In order to encourage you to share your thoughts and ideas with the class, 10% of your course grade will
be determined by the quality and quantity of your participation in various course activities. You can earn
participation credit by answering questions, asking questions, or commenting in class; by seeking help
during office hours; or by posting discussions or articles on Sakai. As a result, attendance will have an
impact on your grade, however we will not take attendance at each class meeting.
Sakai and the Online Classroom
This course is designed to be paper-free, which means you should not print anything. We have an online
classroom, called “Sakai,” where you will be able to access course materials, submit problem sets, ask
questions, and post content anywhere you can connect to the Internet. The Sakai site is where you will
receive grades and feedback, and communicate with your classmates and the course staff. We will go
over each section of the Sakai site and its tools on the first day of class. To access Sakai, first go to
http://www.sakai.rutgers.edu and log on using your Rutgers NetID and password.
Academic Integrity
You are encouraged to work in groups on your problem sets. However, the written answers and maps
that you turn in must be your own work. The final project must also be your own work and have proper
citations. The Rutgers policies can be found at http://academicintegrity.rutgers.edu/academic-integrityat-rutgers.
Required readings can be downloaded on the Sakai site. You are not required to purchase any
textbooks. Some of the readings are excerpts from the following textbooks:
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Introduction to GIS for Planning and Policy, Fall 2014
Section 01: Mondays @ 6:10 – 8:40
Instructor: Dan Schned
J. Maantay & J. Ziegler. 2006. GIS for the Urban Environment.1
P. Longley, M. Goodchild, D. Maguire, D. Rhind. 2011. Geographic Information Systems and Science.2
C. Brewer, 2005. Designing Better Maps: A Guide for GIS Users.3
Other recommended textbooks:
 M. Kennedy. 2006. Introducing Geographic Information Systems with ArcGIS.4
 C. Brewer, 2008. Designed Maps: A Sourcebook for GIS Users.5
 H. MacDonald & A. Peters. 2011. Urban Policy and the Census.6
GIS Software
We will be using ArcGIS 10.2.2 for this course. The software is available in the computer labs on the 3rd
and 5th floor of the Civic Square Building and the studio classrooms. It is available in various other labs
around campus, but not all. You will receive a complimentary one-year educational license for ArcGIS
10.2 as part of our university site license. You will be able to use the license on your home computer.
However, your home computer should be a Windows-based machine (we will talk about issues with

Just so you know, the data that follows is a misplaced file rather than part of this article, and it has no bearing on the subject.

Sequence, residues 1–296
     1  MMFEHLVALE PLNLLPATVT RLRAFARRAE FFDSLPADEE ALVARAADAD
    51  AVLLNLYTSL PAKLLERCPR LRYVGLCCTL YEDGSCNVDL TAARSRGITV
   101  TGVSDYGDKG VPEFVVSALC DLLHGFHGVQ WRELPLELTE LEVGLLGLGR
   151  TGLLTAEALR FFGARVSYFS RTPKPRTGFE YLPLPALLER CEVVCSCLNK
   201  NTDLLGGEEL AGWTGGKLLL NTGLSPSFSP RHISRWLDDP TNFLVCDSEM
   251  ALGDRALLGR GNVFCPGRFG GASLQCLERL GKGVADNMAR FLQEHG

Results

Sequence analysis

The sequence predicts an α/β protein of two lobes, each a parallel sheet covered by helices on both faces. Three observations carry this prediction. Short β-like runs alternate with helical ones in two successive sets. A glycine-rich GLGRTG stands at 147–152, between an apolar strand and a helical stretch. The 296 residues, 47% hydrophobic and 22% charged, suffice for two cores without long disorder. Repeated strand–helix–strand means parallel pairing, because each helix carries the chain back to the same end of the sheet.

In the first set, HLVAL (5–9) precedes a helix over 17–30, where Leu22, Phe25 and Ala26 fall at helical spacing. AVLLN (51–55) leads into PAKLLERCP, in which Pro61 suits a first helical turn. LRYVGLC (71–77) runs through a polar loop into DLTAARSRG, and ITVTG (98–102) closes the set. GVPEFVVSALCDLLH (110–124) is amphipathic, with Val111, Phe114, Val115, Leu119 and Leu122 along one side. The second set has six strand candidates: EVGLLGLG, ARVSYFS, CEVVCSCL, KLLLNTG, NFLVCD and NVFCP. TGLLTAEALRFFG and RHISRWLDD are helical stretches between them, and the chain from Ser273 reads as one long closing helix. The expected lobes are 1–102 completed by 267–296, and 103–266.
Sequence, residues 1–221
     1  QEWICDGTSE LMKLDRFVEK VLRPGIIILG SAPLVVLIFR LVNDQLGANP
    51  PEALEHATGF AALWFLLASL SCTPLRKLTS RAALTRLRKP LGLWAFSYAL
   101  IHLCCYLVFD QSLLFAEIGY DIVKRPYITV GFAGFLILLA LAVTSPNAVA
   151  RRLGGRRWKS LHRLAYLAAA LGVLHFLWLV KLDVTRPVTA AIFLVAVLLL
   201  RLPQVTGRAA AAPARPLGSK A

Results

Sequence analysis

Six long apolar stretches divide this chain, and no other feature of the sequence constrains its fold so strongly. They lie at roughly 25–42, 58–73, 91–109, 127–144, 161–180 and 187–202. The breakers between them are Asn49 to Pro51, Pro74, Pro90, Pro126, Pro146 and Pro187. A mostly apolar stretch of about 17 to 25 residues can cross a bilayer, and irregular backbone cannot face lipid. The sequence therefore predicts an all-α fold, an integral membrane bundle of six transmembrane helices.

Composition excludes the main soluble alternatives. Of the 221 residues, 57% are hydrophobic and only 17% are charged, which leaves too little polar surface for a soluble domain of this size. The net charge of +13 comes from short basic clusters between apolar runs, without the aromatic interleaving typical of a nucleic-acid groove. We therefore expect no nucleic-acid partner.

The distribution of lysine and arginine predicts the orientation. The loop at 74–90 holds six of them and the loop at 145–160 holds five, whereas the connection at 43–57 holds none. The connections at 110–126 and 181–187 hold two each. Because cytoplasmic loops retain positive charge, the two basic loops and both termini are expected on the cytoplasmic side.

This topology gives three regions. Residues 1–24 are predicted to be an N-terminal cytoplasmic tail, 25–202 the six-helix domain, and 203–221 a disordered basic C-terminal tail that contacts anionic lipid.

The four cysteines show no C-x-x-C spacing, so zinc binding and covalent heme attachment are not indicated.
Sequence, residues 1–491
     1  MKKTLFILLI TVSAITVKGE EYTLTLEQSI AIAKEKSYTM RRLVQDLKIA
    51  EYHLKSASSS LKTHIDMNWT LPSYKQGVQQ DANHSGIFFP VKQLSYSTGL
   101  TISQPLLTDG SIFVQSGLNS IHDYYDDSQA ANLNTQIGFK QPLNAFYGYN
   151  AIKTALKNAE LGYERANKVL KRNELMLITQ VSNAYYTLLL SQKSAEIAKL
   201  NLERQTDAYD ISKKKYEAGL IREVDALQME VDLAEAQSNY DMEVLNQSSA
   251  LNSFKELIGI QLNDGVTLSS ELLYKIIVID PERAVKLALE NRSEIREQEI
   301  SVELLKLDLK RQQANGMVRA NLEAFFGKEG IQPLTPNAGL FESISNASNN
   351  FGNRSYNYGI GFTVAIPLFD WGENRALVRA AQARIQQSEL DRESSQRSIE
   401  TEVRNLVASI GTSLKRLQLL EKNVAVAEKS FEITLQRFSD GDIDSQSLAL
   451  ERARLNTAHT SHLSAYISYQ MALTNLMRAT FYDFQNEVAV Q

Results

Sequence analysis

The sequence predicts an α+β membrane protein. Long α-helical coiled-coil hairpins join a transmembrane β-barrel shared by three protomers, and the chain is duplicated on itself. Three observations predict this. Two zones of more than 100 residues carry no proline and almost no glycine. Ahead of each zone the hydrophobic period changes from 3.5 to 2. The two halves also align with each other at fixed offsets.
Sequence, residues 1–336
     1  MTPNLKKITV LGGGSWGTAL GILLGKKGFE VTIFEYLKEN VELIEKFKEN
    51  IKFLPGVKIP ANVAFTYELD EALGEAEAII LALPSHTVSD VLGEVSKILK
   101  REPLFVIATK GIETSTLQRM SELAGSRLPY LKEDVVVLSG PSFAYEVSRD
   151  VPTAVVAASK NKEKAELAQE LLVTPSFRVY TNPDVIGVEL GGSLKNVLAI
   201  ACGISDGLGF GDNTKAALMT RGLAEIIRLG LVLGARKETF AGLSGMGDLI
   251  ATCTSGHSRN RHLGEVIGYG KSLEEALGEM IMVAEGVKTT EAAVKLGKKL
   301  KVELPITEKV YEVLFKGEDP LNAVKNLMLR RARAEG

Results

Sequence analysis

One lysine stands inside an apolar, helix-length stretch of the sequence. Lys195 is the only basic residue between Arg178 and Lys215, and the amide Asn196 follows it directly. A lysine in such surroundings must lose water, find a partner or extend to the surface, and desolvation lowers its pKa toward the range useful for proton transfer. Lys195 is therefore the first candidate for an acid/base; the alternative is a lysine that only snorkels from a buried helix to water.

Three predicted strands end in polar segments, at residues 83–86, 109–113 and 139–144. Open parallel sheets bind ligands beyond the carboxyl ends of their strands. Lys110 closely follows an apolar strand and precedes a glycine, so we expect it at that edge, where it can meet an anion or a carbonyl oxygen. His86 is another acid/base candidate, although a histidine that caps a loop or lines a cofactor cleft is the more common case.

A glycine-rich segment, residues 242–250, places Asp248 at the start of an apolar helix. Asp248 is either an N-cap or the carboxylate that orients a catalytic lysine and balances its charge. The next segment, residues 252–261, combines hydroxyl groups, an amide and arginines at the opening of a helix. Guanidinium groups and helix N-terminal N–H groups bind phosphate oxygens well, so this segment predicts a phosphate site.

Macs in class) and have sufficient RAM (at least 2GB) and disk space for this program. See specifications
at http://resources.arcgis.com/en/help/system-requirements/10.2/index.html#
GIS Data
There are two main folders that contain the data and documents you will need with this semester:
o s:\ArcGISClass – All of the data you will need for the problem sets.
o s:\591-f14-01 – All of the course material, including the lectures, readings, problem sets, handson exercises, and other course documents. Course material is also available on Sakai (see
You can copy the data folder and other course material to use on your home computer. The computers
in the Bloustein lab have CD/DVD write drives, but it is most useful to have a flash drive (as large as you
can afford) for transferring files and holding data for your final project. You probably want a second
flash drive for a backup! The personal workspace on the Bloustein server (U: drive) will not have enough
space for all of the GIS data that you will download and use for your problem sets and final project. The
data folder is available on the s: drive. You can also download the data folder from
1. This is a very good introductory book of GIS for urban planning. The book is divided into 3 parts: (1) basic text (theory and
concepts); (2) case studies; and (3) laboratory exercises with ArcGIS.
2. An excellent reference book for your library, as it covers the theory and concepts in more detail and with broader coverage
than the Maantay and Ziegler text. Make sure that you purchase the Third Edition, as significant changes were made.
3. An excellent reference on basic cartography for GIS users.
4. Provides basic concepts and detailed lab exercises using ArcGIS 9.x. Good reference book if you use ArcGIS for your job.
5. A great cartographic reference book that focuses on the idea of learning cartography from the study of excellent maps.
6. Helps you navigate the census data and summarize how to use census variables and GIS for the following areas of analysis:
(1) demographic/social; (2) economic; (3) housing; and (4) transportation.